LAPD Chief Says "Sorry", But Refuses to Track Down Lawbreaking Cops
April 21, 2014 5:50 PM
Chief Beck says a sting or surveillance operation to catch cops destroying equipment would be "too hard"
In the wake of a pair of embarrassing probes that hint at
rampant officer misconduct, including the destruction of chest-mounted recording devices and car-mounted antennas
that those devices communicate with, the top cop at the
The Los Angeles Police Department
(LAPD) is offering a more contrite apology.
I. Chief Says Sorry, But Refuses to Try to Identify Criminal Cops
Just a week ago Chief Charlie Beck was referring to his department's failure to initially disclose the destruction of government property by cops-turned-criminals as "unintentional", commenting:
The department did not try to hide this issue.
He also argued earlier this month that it would be "too hard" to track down cops that broke the law, sabotaging taxpayer funded accountability equipment in various precincts.
LAPD Police Chief Charlie Beck says he's sorry for not notifying his civilian bosses about cops destroying taxpayer-funded government property. He stands by his assertion that it would be too tough to catch the cops committing the crimes, though. [Image Source: The LA Times]
This week, though, after being blasted by
The Los Angeles Police Commission
-- the civilian supervisory board that overseas the LAPD (effectively the LAPD's "bosses") -- and in the face of a mounting media firestorm, the embattled chief at last issued an apology. He commented:
[The late notification] is on us. We will take whatever actions are needed to make sure [it doesn't happen again].
His two deputy chiefs and an assistant chief were also present. Comments Assistant Chief Earl Paysinger:
Did we fall short? I think the simple answer is, 'Yes.'
[The recent hearings offer] an exclamation point on how important this whole question of digital in-car video and also other accountability technologies are to the department.
The LAPD has faced a series of hearings by the LAPC, the five-member board that represents the city's taxpayers in monitoring and issuing broad directives to the LAPD.
II. Criminals Could Get Away Due to Criminal Cops
The LAPD now admits that over 50 cars were damaged by cops who hoped to limit the range of their recording devices. This not only could cover up criminal wrongdoing of cops, but it could also destroy crucial pieces of evidence (audio recordings), making it harder for cops to convict criminals.
The criminal acts by cops could lead to key evidence being destroyed and members of the public who commited crimes walking free. [Image Source: AP]
Despite his apology, Chief Beck for now is still standing behind his decision not to track down cops who broke the law and destroyed taxpayer property, potentially damaging criminal investigations in the process. He claims that the LAPD did consider setting up a sting or surveillance operation to try to catch the criminal cops, but argues that with hundreds of cops per precinct, it would consume too much resources to catch the cops committing the crimes (a group of officers he believes are in the minority at the troubled precincts).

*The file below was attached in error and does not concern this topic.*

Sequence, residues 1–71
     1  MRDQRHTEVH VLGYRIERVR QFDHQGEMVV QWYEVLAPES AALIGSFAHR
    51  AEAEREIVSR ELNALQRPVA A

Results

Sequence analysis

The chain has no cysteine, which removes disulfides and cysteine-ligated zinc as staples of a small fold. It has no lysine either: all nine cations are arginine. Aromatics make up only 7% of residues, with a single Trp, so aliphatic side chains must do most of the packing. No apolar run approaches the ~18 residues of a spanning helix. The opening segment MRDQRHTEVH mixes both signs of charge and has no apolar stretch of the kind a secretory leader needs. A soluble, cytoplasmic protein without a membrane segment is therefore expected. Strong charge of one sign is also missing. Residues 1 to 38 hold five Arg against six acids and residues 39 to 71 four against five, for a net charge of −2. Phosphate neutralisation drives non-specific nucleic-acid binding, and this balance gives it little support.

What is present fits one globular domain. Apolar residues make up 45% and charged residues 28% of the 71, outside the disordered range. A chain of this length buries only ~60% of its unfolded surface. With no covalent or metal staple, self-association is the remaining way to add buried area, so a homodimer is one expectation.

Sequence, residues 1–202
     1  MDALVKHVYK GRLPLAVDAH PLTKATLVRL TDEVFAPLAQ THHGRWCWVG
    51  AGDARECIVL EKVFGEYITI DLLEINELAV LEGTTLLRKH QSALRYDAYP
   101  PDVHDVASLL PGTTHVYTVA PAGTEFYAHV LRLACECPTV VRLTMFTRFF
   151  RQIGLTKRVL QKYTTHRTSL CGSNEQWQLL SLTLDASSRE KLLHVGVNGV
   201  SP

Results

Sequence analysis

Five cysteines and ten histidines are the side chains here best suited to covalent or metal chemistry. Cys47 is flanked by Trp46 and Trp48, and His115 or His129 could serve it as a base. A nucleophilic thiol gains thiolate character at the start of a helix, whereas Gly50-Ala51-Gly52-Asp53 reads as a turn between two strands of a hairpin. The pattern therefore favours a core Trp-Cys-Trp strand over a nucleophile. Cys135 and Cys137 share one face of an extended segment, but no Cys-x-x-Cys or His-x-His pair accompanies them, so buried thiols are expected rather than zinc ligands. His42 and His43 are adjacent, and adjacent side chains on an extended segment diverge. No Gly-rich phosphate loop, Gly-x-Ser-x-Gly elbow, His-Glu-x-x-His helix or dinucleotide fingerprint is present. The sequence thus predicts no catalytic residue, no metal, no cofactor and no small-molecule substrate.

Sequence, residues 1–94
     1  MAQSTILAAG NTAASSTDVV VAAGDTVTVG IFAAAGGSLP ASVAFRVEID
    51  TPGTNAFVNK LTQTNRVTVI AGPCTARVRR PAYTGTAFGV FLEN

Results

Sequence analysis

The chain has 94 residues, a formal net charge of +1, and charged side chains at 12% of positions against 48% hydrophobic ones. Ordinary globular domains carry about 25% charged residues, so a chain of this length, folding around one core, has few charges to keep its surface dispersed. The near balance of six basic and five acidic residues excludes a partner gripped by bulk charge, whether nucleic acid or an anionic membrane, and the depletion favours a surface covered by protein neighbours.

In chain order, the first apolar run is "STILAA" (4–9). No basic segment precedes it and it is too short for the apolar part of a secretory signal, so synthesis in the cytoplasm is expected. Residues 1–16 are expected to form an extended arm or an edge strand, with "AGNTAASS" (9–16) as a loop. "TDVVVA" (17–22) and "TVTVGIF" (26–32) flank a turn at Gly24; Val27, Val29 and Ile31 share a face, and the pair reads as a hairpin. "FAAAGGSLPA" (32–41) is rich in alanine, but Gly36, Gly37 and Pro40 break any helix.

Instead, he backed a system of pre-and-post shift checks of the vehicles. He says that system has largely worked and only one car has been vandalized since it was instituted last year. However, it is unclear whether his department has installed similar programs regarding the loss and/or destruction of chest recorders, and if so, how successful they've been.
These incidents waste taxpayer money and potentially let criminals -- both in the public and in law enforcement -- go unpunished. But what made them particularly disturbing is that they were occurring at the precincts of the LAPD with the worst reputation for racial profile -- such as the infamous Southeast Precinct.
The main site of the vehicle and recorder sabotage was the troubled Southeast Precinct, well known for rampant complaints of civil rights abuses and police brutality. [Image Source: Fortuna PD]
The LAPD as a whole has a reputation for police brutality, but just last year had marked the milestone of being allowed off federal monitoring. Some have suggested that the recent destruction of accountability equipment could jeopardize that newfound freedom.
The LA County Sheriffs
-- a separate law enforcement entity operating in the same region -- are
also currently under investigation
over complaints of civil rights abuses, particularly in the local prison system.
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